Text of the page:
However, Lee’s machine was faster: it could achieve 500 or 600 loops (ie stitches) per minute, whereas hand knitters could only achieve 100. There’s an interesting experiment: can you knit as fast as a stocking knitter in the 1580s? Try to crack 100 stitches a minute and get back to me.

Lee applied to Queen Elizabeth I for a patent, but she refused, reportedly on two grounds: firstly, that the rough woollen stockings the machine was capable of producing were too uncomfortable, and secondly, because she was worried about the effect it would have on hand knitters who might be put out of work. The concept of industrialisation leading to heightened production hadn’t yet taken off in Elizabethan England. Nor had it taken off in Scotland: James VI also refused a patent.

Qu’ils tricotent des bas

However, the French were more open to the idea. Lee and his brother James took nine machines, and accompanying knitters, to France in 1609, where he set up a workshop in Rouen. They were invited there by Henry IV, who was known as Good King Henry or Henry the Great – doubtless because he was a fan of knitting. Crucially, Henry was a Protestant. This didn’t make any difference at all to the knitting, but it did make a difference to William and James’ fortunes after he was assassinated in 1610. William and James’ efforts in France were therefore short-lived: when Louis II succeeded him, the heady days of religious tolerance were over.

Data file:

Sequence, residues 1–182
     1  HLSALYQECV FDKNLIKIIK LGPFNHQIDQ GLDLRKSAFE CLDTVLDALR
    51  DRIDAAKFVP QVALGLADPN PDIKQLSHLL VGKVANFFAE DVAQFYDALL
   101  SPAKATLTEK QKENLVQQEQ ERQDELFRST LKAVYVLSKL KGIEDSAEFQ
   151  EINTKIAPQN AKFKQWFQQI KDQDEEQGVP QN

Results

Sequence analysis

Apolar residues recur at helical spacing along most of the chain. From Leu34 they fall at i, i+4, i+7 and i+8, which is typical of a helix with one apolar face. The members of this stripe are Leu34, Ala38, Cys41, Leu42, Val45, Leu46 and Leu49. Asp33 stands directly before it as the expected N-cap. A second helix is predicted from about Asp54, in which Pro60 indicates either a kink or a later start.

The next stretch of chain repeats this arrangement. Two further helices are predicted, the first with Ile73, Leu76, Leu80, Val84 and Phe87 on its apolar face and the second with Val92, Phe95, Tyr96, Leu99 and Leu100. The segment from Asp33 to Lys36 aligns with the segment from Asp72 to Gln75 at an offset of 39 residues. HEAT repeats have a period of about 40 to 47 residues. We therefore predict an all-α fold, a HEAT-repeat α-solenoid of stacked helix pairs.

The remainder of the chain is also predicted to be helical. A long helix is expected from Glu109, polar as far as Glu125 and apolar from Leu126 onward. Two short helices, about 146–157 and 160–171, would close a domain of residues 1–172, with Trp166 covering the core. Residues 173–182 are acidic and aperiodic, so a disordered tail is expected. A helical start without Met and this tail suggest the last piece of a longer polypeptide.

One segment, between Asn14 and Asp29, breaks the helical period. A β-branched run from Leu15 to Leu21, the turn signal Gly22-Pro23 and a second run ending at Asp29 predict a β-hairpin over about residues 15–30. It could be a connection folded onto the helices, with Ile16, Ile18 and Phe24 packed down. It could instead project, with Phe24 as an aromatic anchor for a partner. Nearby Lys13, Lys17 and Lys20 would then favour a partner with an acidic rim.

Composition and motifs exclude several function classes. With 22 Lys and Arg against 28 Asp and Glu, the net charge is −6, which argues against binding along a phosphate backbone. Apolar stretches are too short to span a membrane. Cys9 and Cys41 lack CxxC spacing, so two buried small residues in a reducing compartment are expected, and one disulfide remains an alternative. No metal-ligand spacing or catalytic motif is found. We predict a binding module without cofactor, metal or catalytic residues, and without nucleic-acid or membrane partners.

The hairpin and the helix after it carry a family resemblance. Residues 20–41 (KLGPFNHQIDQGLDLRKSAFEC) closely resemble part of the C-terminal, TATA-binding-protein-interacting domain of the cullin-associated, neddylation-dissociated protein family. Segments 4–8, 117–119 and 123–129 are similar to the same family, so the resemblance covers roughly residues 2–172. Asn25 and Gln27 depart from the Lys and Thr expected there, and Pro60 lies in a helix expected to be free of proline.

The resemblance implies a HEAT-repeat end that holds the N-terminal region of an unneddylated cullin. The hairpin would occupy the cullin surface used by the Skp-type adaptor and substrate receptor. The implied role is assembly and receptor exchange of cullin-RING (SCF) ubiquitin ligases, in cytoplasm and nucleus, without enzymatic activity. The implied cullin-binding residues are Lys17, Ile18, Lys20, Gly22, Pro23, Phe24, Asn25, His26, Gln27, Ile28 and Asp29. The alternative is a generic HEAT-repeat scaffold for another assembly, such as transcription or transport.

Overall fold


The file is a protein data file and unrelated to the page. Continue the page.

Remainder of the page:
We’re not quite sure what happened next, but some of the machines – and the knitters – must have made their way back to England – probably brought back by James. William himself died in poverty in Paris, hiding from persecution.

Despite the best efforts of various powerful entities, Lee’s invention survived. After Lee’s death, the original design underwent continuing developments and improvements. By 1620, the gauge had reached 16 needles per inch, thanks to the addition of a part called a sinker, which helps weigh down the knitted fabric. By 1750, frames were finally producing stockings comparable in quality to hand-knitted stockings. In the next post, we’ll explore the impact of this innovation on the lives of knitters.

Textile History

Knitting Machinations : episode 1

Sometimes one must admit when a project just didn’t work. Between the busyness of working in retail customer service and full-time yarn dyeing, my Patreon project just never took off. I am a bit disappointed in myself (and so very grateful to the patrons who stuck with me) but I still want to continue with the spirit of exploring research and textile history. So I’ll try to be publishing more here, with no pressure on anybody, and I hope you enjoy what will follow. First up, a series of three articles on the history of knitting machines.